Almost every pregnancy book and article I've read claims the second trimester is the best. Authors cite the fact that this period is when most pregnant people stop feeling like crap, get to see their baby during the anatomy screening ultrasounds, feel baby kicks, and start to actually look pregnant. These things are sometimes true, but in my experience, the second trimester is the hardest. No question about it.
After being pregnant three times, I am totally not on "the second trimester is awesome" train. You see, I discovered that most of the things that other people seemingly enjoy about the second trimester were damn lies, at least for me. When I entered the second trimester of my last pregnancy, my nausea and exhaustion actually got worse, not better. And while it was fun to start showing, and to actually look pregnant, as my belly grew my body started to hurt. I was uncomfortable, tired, and disheartened by the fact that I wasn't even close to my due date. It's one thing to be in pain during the third trimester, when you are counting down the weeks or days until you meet your baby, but it's an entirely different thing when you have three to six months of this bullsh*t left to go.
There are other things that are supposed to be fun once you surpass your first trimester that, well, aren't. Your second trimester screening ultrasound isn't actually enjoyable if your baby is at risk of birth defects or abnormalities, and when that screening is over everyone will want to know the gender of your baby. I thought it was so weird, because gender is a social construct and people were literally asking about my baby's genitals. Gross.
So while you may disagree, I think the second trimester is actually the hardest, and for the following reasons:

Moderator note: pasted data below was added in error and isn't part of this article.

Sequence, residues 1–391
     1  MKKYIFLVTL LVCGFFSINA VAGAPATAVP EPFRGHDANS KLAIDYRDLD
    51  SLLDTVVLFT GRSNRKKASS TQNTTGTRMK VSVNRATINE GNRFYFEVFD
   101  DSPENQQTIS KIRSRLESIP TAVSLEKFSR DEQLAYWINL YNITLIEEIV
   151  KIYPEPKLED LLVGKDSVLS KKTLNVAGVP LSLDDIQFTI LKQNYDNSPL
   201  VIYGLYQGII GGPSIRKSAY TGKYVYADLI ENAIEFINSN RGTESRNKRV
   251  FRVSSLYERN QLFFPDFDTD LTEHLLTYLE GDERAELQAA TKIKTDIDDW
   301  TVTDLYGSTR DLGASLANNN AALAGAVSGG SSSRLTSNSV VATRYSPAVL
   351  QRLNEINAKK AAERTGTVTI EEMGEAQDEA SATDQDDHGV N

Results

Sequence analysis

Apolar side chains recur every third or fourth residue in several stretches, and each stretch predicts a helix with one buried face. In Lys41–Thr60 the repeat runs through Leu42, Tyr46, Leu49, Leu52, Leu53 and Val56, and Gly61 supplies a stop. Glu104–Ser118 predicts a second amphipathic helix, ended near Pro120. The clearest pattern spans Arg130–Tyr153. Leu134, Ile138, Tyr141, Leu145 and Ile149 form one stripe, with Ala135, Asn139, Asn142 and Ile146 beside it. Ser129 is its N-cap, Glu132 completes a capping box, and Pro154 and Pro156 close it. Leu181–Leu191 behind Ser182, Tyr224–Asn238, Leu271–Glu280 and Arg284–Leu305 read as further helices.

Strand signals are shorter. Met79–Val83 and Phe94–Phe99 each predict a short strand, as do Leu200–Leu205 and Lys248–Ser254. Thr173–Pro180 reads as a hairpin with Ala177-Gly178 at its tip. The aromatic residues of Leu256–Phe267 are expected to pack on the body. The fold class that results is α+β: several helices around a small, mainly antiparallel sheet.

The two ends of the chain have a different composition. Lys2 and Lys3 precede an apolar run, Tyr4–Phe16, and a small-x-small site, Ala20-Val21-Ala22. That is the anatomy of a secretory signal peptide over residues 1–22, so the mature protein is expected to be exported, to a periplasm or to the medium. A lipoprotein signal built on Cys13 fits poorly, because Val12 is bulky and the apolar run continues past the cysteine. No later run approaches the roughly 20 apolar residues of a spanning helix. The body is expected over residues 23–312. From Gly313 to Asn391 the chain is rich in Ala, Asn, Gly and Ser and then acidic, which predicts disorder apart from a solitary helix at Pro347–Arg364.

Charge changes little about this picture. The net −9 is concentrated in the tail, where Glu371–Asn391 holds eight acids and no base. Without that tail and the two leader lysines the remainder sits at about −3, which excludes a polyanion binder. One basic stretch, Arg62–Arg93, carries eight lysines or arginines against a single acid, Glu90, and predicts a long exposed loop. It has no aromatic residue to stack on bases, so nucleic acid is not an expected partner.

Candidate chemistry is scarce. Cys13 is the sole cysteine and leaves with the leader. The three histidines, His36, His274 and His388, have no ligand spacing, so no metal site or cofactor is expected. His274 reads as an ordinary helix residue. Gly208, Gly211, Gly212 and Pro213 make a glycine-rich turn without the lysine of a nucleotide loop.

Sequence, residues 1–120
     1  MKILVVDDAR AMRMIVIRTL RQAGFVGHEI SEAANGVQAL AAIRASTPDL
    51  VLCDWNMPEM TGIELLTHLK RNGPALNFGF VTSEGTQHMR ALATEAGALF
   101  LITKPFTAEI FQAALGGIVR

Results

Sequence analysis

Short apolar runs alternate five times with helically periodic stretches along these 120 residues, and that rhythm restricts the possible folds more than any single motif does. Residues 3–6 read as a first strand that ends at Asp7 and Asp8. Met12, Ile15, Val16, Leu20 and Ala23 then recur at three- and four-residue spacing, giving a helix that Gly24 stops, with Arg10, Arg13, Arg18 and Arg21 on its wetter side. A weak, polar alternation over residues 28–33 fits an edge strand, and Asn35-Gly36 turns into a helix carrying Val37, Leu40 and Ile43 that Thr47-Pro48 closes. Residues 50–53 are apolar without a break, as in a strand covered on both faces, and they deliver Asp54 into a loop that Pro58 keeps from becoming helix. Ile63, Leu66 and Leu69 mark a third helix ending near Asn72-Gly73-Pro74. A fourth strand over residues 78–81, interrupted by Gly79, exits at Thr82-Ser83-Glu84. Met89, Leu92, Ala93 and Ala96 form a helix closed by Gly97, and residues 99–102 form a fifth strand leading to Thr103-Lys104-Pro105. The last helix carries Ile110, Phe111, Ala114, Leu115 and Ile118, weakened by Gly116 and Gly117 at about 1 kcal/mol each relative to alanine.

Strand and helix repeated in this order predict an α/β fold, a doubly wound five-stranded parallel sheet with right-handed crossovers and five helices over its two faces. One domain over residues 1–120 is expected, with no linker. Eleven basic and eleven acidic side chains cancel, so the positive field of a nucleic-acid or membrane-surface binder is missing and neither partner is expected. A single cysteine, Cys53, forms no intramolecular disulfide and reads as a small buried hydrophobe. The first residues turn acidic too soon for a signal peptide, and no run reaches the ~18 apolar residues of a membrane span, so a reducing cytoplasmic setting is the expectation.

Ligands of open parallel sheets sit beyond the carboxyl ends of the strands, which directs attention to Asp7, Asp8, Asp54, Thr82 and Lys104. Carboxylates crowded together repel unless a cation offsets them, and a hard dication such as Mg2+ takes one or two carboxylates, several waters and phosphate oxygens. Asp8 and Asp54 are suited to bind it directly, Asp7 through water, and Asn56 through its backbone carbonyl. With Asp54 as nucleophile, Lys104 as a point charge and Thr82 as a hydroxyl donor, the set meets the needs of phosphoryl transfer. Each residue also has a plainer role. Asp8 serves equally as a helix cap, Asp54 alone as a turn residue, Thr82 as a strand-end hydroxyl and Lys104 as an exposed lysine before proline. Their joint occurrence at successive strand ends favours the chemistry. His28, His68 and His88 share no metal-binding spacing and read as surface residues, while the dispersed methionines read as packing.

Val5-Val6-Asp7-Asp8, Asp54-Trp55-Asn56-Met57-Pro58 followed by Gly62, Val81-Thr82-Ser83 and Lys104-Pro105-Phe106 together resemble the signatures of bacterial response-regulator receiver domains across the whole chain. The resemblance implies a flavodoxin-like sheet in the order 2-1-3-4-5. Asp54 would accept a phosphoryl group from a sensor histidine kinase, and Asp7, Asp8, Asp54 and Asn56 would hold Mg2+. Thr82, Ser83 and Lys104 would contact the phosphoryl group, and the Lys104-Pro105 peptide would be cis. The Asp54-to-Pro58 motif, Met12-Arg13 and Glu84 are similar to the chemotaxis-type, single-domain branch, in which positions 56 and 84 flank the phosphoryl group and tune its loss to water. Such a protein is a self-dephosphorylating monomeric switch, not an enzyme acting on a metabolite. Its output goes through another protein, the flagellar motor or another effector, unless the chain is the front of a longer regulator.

Because You're Probably Still Puking
Not only did my nausea and vomiting not disappear, but people seemed to want to comment about it every single time they heard that I "still" had morning sickness. It was like I was a some kind of super secret medical mystery or something. It turned out it wasn't morning sickness, it was hyperemesis gravidarum. I felt like I had to list off all of the things I had tried to cure it, at least once a day, to somehow "prove" I wasn't "milking" the whole vomit thing.
Because You Start To Show
Showing also meant I had to talk about my pregnancy with random strangers on the street. Every few minutes I'd have to say: "Yes, I'm pregnant. No, I'm only five months along. No, I'm not having twins."
Because People Will Start Touching You
In my experience, people lose all sense of social decency when they encounter a pregnant person. So, if you are like me and you hate random people touching you, it's gonna suck.
Because You're Not Even Close To Being Done
Then, there's the waiting — for results of tests, to feel your baby move, for viability. I am not a patient person. It's one thing to wait a few weeks, but during the second trimester you have months to wait before you meet your baby.
Because It Can Be Stressful
I generally found pregnancy to be exciting, but the second trimester was almost too exciting. I was so anxious. I'm the kind of person who Googles every symptom, ache, pain, or random thought. This is a terrible idea in generally, but it's especially idiotic when you are pregnant.
Because Sleep Troubles
When I was in my first trimester I could fall asleep anywhere, anytime, and sometimes without trying. During my second trimester, however, there was no sleep to be had. I couldn't get comfortable in bed, and no matter how many pregnancy pillows I tried I couldn't manage to get a decent night's rest if I was sleeping on my left side, like my midwife recommended. Then pregnancy insomnia started, and nine years later I still can't sleep. I'm so tired, you guys.
Because You Have To Announce Your Pregnancy At Work
When I was pregnant for the second time I had some pretty good reasons for not announcing my pregnancy at work. But when that second trimester rolled around, there was no hiding it. It sucked so much.
Because "Gender" Reveals
I hate so-called "gender" reveals. For one, there's a marked difference between physical anatomy and your child's eventual gender identity. Plus, why do people care? It's not relevant (or shouldn't be relevant) to how we treat babies. So yeah, as excited as I was to see my little one on the ultrasound screen, I absolutely didn't care or want to share whether or not they had a penis.
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